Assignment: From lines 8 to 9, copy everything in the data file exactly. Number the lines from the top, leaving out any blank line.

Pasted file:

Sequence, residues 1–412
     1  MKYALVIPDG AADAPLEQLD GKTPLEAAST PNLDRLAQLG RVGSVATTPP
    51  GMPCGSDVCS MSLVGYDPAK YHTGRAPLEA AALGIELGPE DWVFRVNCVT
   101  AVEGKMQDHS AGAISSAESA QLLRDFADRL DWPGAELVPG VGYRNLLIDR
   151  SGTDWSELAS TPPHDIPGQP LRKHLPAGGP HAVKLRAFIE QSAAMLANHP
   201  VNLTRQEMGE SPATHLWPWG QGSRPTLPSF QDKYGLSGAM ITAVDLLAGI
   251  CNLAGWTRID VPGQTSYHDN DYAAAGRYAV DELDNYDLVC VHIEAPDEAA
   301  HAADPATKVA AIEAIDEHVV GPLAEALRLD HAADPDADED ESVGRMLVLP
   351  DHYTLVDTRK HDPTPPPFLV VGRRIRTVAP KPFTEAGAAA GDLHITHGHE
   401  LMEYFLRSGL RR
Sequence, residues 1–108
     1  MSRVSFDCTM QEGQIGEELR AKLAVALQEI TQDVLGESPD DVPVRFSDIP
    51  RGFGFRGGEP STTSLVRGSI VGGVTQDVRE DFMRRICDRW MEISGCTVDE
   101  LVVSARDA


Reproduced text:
   301  HAADPATKVA AIEAIDEHVV GPLAEALRLD HAADPDADED ESVGRMLVLP
   351  DHYTLVDTRK HDPTPPPFLV VGRRIRTVAP KPFTEAGAAA GDLHITHGHE